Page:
The Muslim religion embraces a view of Jesus Christ that is completely foreign to the Bible—God’s only inspired Truth (2 Tim 3:16). Jesus said, “I am the way, and the truth, and the life. No one comes to the Father except through me” (John 14:16). Whether or not one embraces the teaching of Islam or the teaching of Christianity comes down to what source of authority is most trustworthy. One must go to the Quran or to the Bible for a Christology. It cannot be both because both writings are in direct contradiction to the other. One is right; one is wrong. One says Jesus is God, the Son of Man, Lord of Lords, King of Kings, and Savior (the Bible) and one says He was a mere prophet, or messenger, who is to be venerated no more than another man named Mohammed (the Quran). As one does an honest study of who Christ was/is, one must also ponder the reality of sin and what it demands. For the Christian, sin was dealt with once and for all on the cross and there is hope and assurance of life in Heaven because of what the Bible says about Christ. For the Muslim, sin has not been dealt with and there is no certainty that there is forgiveness because the Quran does not reveal what people need more than anything: a Savior. The Muslim religion ensnares people to a system of works righteousness and provides no assurance that their god will pardon them on the day they will supposedly meet him. That’s a problem. A big one.
So, what’s our response to the Christological errors of Islam? It’s simple. We love them, just as Jesus loved those who hated Him in His day (John 13:35). Knowledge of their theology is not meant to puff you up and/or enable you to start arguments about the Truth. Rather, this knowledge arms you with an understanding of how to engage them by knowing why they believe what they believe about Jesus. Since Muslims reject Jesus as Savior and Lord, this means that they must be viewed as part of the mission field. Christians must be diligent to understand the basic beliefs about the Muslim religion and be ready to gently and boldly confront Muslims with the biblical Gospel (1 Pet 3:15). “The three key topics of discussion between a Christian and a Muslim should be the nature of God, the identity and deity of Jesus Christ, and salvation by grace alone apart from works” (emphasis added).8 The God, Jesus Christ, who created the universe and sustains it (Col 1:15-17) is also the God who saved His people from their sin—purely and solely out of love. Love is the foundation that is absent from Islam.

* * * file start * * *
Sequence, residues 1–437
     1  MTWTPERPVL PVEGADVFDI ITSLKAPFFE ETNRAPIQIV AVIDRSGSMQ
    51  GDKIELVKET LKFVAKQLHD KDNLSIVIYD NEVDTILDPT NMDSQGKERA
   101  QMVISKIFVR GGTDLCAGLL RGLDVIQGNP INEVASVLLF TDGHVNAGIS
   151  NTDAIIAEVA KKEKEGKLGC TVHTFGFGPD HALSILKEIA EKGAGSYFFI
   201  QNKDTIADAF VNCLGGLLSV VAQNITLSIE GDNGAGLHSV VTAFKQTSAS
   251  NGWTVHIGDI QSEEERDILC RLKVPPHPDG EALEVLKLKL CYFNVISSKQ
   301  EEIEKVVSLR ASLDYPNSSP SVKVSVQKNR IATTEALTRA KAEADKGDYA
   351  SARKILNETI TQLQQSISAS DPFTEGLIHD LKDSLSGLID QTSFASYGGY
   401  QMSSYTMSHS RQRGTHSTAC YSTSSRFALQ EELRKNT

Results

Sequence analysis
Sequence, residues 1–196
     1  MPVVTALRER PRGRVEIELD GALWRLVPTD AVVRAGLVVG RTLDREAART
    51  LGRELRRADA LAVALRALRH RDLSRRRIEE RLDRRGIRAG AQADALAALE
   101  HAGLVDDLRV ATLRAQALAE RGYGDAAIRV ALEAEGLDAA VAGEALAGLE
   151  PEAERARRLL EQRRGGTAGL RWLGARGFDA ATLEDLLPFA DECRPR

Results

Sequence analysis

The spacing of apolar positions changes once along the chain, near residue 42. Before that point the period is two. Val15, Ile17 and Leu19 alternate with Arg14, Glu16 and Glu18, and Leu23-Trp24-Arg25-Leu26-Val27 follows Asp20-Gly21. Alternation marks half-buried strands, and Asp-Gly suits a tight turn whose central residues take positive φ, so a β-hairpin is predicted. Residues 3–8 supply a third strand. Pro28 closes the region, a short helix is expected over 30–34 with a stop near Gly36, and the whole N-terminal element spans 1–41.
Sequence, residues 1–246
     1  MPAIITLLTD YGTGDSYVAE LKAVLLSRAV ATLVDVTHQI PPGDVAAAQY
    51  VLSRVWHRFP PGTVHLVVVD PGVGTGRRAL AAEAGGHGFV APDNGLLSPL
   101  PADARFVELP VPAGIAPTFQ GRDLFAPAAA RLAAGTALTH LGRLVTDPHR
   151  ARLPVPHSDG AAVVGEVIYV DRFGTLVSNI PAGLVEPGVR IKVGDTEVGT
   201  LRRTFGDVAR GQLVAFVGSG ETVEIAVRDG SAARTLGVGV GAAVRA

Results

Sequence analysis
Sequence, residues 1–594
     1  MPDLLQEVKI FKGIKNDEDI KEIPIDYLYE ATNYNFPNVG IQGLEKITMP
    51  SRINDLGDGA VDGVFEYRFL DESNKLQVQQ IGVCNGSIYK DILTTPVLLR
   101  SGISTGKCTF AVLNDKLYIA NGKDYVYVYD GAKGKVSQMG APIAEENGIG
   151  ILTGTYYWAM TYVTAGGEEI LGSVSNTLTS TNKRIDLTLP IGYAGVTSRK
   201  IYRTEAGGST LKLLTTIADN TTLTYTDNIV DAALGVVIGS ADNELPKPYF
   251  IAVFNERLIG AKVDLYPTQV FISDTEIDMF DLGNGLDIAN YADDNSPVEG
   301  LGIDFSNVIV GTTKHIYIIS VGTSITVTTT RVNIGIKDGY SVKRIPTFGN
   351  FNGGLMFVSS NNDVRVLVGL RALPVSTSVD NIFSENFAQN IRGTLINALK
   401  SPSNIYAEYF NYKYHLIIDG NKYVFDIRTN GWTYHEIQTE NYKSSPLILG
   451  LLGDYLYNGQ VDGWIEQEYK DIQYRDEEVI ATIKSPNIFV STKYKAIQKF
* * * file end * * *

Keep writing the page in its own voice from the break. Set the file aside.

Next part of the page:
- Zahniser, The Mission and Death of Jesus in Islam and Christianity, 15. ↩
- Martin, The Kingdom of the Cults, 366. ↩
- R.C. Sproul and Abdul Saleeb, The Dark Side of Islam, 66. ↩
- Rhodes, Reasoning from the Scriptures with the Muslims, 139. ↩
- Ibid., 139. ↩
- Martin, The Kingdom of the Cults, 364. ↩
- John MacArthur, author, and general editor, The Macarthur Study Bible: New King James Version, [Rev. & updated ed. (Nashville: Thomas Nelson, 2006), 1,996. ↩
- Martin, The Kingdom of the Cults, 367. ↩